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Investing: Well, it's May -- time to go away?

One of Wall Street's best known adages is the old "sell in May and go away" seasonal trick. The idea is that the six months starting in May -- including the normally listless summer months -- are among stocks' poorest performers of the year. By taking risk off the table and enjoying time at the beach, investors could be well served on both fronts.

The folks over at the Stock Trader's Almanac popularized the strategy in 1986 and put hard numbers behind the old Street folklore: A $10,000 investment in the Dow Jones industrials compounded to $816,984 for November through April in 64 years vs. a $221 loss over the same period for May through October.

In recent years, the pattern has become a little muddled. So, what should investors expect in 2015? Should they sell and go away?

Jeff Hirsch of Almanac Trader notes that between 1965 and 1984 the market was down this month 15 out of 20 times. But from 1985 through 1997, May was the year's best month, gaining ground each time. Since 1997, the Dow has climbed higher in May only seven times in the past 17 years, including in 2013 and 2014.

Will 2015 make it three positive May performances in a row?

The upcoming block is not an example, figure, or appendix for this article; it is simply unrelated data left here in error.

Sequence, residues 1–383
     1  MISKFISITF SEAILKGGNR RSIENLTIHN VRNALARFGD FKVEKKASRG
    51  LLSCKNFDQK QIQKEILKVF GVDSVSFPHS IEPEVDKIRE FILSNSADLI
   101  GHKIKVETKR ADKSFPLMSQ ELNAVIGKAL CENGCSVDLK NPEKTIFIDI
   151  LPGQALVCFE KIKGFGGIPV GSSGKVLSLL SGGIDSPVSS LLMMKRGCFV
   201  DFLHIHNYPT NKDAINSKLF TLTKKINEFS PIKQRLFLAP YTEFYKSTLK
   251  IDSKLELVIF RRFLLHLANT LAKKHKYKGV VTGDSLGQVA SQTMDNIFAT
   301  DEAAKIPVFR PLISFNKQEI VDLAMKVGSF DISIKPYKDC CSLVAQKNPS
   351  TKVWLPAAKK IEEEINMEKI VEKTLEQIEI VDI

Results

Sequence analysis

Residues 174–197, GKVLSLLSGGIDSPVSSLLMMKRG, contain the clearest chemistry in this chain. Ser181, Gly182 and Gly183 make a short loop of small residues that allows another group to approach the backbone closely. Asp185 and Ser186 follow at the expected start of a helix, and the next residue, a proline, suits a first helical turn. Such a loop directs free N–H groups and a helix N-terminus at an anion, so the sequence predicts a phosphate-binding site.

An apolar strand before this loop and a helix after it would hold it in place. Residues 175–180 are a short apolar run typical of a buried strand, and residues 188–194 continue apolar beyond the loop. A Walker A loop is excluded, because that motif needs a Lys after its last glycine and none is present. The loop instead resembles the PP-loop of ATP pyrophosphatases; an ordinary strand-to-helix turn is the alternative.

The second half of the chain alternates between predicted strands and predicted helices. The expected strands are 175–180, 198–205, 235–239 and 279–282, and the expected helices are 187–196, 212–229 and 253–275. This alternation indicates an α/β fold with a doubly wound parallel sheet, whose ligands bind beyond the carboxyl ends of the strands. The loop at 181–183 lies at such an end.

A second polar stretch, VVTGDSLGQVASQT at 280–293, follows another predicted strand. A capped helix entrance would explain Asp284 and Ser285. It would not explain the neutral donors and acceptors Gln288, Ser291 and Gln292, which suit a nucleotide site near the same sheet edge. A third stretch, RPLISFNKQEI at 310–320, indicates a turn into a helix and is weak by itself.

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The market has stalled over the last few months as investors have chewed on the likelihood the Federal Reserve will move to raise interest rates sometime this year for the first time since 2004. Those expectations have been pushed back by the economy's weak 0.2 percent growth in the first quarter. And the slack doesn't seem to be just weather-related: The Atlanta Fed's GDPNow real-time estimate for second-quarter growth is tracking at just 0.9 percent.

Corporate earnings have turned into a bit of a drag with big, high-profile misses by one-time tech hotshots Twitter (TWTR) and LinkedIn (LNKD) this week.

And investor sentiment is extended. According to calculations by Ed Yardeni of Yardeni Research, the Investor Intelligence Bull-to-Bear Ratio's 52-week moving average has reached its highest level ever since the data series started in 1987.

But the two big dynamics that have driven stocks higher this cycle -- an accommodative Fed and the flow of capital back to investors via share buybacks and dividends -- look set to continue.

The futures market is already increasingly pricing in no Fed rate hikes this year given the GDP growth slowdown, below-target inflation, a lack of wage inflation and the problems the dollar's newfound strength are causing. Thursday's personal income and expenditures data suggests the April retail sales report will be soft -- adding further evidence to the case that the economy is still too fragile to warrant a rate hike.

As for capital return, the Financial Times highlighted a few weeks ago that shareholders of the largest U.S. companies are set to receive a record $1 trillion in cash this year. Last year, the total was $904 billion.

Hints from Fed officials in the days to come that they're in no hurry to start their policy tightening campaign -- moving their expectations into alignment with where the futures market already is -- could help stocks beat the odds this month.

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